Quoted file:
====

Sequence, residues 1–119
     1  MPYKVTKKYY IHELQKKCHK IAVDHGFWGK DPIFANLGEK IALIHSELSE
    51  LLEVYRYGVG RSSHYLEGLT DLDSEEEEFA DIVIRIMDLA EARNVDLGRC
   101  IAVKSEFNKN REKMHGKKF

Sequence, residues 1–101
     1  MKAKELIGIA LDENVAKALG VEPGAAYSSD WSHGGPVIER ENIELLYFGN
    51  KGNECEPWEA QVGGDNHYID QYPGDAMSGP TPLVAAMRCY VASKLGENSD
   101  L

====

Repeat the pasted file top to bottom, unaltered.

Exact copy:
Sequence, residues 1–119
     1  MPYKVTKKYY IHELQKKCHK IAVDHGFWGK DPIFANLGEK IALIHSELSE
    51  LLEVYRYGVG RSSHYLEGLT DLDSEEEEFA DIVIRIMDLA EARNVDLGRC
   101  IAVKSEFNKN REKMHGKKF

Sequence, residues 1–101
     1  MKAKELIGIA LDENVAKALG VEPGAAYSSD WSHGGPVIER ENIELLYFGN
    51  KGNECEPWEA QVGGDNHYID QYPGDAMSGP TPLVAAMRCY VASKLGENSD
   101  L